The Road to Brown v. Board of Education

The legal fight to combat segregation in public education began long before Linda Brown was denied entrance to the elementary school closest to her neighborhood based on her race. Beginning in the 1930s, Charles Hamilton Houston and many of his Howard Law School students designed a legal strategy to methodically attack the legal underpinnings of segregated education beginning with universities and graduate schools. Each case built a new legal precedent that allowed this fight to extend to all of public education, which culminated in the Supreme Court’s 1954 Brown v. Board of Education decision that ruled that segregation in public education violated the Fourteenth Amendment. 

Standards & Objectives

Academic standards
Explain how legal victories prior to 1954 inspired and propelled the Civil Rights Movement.
Evaluate the topic or subject in multiple diverse formats and media.
Evaluate how an author incorporates evidence and reasoning to support the argument and specific claims in a text.
Analyze what a text says explicitly and draw inferences; support an interpretation of a text by citing and synthesizing relevant textual evidence from...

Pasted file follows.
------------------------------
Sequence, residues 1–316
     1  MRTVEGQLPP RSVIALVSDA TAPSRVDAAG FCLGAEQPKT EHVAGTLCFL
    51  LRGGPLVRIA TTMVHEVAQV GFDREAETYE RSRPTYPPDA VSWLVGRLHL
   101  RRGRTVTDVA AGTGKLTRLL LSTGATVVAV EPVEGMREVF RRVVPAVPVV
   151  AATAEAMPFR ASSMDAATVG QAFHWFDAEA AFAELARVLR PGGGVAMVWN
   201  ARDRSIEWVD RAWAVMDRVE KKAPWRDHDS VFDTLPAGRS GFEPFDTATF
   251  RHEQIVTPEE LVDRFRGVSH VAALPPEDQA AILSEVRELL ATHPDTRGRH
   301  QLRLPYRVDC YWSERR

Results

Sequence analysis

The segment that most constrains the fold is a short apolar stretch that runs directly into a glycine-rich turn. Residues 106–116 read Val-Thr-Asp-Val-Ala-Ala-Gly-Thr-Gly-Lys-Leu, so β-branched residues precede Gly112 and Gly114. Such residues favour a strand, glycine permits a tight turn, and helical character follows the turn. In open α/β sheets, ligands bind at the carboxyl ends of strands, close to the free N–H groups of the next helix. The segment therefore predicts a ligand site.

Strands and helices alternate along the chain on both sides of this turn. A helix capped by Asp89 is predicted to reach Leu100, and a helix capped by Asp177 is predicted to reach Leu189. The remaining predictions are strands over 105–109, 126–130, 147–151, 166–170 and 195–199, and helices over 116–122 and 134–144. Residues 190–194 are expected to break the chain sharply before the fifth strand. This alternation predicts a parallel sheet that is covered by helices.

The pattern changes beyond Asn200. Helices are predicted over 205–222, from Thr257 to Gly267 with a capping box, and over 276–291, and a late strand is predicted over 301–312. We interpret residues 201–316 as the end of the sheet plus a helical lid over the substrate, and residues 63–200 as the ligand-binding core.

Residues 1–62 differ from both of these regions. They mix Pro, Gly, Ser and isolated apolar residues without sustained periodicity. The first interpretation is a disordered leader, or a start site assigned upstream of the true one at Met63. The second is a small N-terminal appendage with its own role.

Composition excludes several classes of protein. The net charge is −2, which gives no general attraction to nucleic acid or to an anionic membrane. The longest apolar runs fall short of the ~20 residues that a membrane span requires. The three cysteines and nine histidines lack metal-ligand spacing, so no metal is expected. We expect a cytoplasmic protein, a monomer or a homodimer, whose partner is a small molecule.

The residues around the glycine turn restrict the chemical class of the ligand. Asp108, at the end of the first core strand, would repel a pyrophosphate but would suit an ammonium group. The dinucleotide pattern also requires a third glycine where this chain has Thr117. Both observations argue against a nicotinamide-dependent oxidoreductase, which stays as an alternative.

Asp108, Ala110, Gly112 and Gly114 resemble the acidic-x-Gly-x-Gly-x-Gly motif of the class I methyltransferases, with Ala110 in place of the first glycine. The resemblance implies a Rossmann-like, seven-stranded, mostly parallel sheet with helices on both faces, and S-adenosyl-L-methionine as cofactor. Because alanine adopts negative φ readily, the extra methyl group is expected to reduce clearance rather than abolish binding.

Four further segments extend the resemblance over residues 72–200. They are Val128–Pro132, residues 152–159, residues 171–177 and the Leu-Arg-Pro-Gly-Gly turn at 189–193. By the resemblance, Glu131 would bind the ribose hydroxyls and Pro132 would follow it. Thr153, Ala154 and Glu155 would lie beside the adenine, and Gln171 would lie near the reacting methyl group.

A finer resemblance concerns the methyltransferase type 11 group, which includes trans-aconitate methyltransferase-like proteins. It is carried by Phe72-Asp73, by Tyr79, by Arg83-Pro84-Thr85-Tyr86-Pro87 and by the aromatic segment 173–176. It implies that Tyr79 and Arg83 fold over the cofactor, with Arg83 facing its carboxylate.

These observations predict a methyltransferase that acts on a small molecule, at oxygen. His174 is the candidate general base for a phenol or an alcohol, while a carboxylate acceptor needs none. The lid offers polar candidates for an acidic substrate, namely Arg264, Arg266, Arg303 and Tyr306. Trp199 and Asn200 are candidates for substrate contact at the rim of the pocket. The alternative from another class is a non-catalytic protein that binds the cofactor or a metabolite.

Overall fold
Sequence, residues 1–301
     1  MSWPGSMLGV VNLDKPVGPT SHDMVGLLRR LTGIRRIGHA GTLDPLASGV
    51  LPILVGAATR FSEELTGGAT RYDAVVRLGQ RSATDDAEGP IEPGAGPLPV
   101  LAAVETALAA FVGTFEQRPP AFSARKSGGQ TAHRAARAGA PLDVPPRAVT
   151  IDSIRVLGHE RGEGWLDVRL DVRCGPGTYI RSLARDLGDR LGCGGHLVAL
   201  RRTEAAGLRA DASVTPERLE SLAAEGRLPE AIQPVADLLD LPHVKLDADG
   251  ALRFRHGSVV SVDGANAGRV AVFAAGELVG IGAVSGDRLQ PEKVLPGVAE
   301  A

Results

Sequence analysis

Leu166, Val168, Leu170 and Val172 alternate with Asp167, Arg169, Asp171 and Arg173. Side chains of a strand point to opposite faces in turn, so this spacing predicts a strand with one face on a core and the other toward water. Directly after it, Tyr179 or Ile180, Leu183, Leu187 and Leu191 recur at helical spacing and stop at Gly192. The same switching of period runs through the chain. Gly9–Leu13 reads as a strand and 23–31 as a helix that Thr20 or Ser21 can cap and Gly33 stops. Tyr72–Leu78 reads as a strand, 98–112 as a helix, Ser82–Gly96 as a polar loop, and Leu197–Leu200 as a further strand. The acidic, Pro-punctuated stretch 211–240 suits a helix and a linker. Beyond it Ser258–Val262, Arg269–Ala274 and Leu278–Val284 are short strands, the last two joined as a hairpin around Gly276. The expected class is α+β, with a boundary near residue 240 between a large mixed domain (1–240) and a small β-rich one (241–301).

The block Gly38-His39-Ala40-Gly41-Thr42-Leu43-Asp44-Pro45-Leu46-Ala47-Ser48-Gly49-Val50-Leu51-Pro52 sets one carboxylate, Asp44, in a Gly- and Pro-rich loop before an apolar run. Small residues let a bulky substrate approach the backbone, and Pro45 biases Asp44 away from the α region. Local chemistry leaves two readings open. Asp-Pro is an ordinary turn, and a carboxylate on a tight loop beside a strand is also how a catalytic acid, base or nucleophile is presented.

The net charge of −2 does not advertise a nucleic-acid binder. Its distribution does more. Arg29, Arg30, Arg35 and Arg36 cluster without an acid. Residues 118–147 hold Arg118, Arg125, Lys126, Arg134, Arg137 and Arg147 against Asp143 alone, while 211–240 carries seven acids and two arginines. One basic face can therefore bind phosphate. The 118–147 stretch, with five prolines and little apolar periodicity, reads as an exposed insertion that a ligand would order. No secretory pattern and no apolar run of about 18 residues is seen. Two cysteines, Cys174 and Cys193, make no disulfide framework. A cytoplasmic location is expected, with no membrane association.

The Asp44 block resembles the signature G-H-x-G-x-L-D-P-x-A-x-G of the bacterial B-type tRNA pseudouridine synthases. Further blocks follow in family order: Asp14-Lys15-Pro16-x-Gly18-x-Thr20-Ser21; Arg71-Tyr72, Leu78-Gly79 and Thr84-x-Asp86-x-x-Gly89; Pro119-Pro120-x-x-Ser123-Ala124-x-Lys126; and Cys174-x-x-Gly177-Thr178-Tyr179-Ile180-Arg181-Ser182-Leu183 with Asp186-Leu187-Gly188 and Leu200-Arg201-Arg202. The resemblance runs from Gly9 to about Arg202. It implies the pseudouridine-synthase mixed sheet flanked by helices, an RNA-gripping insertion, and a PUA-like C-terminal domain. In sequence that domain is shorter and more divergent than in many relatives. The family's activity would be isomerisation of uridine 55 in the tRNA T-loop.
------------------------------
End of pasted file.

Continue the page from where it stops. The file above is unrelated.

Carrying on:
Initiate and participate effectively with varied partners in a range of collaborative discussions on appropriate 11th - 12th grade topics, texts, and...
Integrate multiple sources of information presented in diverse media formats in order to make informed decisions and solve problems; evaluate the...
Conduct and write short as well as more sustained research projects to answer a question (including a self-generated question) or solve a problem by...
Examine court cases in the evolution of civil rights, including Brown v. Board of Education and Regents of the University of California v. Bakke.
Alignment of this item to academic standards is based on recommendations from content creators, resource curators, and visitors to this website. It is the responsibility of each educator to verify that the materials are appropriate for your content area, aligned to current academic standards, and will be beneficial to your specific students.
Learning objectives: 

Students will:

  • Read and analyze a variety of primary sources including legal documents, oral history clips, and photographs to build their understanding;
  • Work collaboratively and analyze how the
  • Fourteenth Amendment was applied in different court cases;
  • Write a reflection on the overall significance of Brown and the related cases.
Essential and guiding questions: 

How did the legal victories leading up to Brown v. Board of Education lay a foundation to attack segregation in public education more broadly? What is the significance of Brown? 

Lesson Variations

Blooms taxonomy level: 
Extension suggestions: 
  • Have students research the history of school desegregation in their school district and create a class exhibit to share their findings.
  • Have students explore the current work of the NLDF and identify the priorities of their work. How have the priorities of the organization evolved since 1954? 

Helpful Hints


  • Case Summary Worksheet
  • Chromebooks or tablets for students (optional)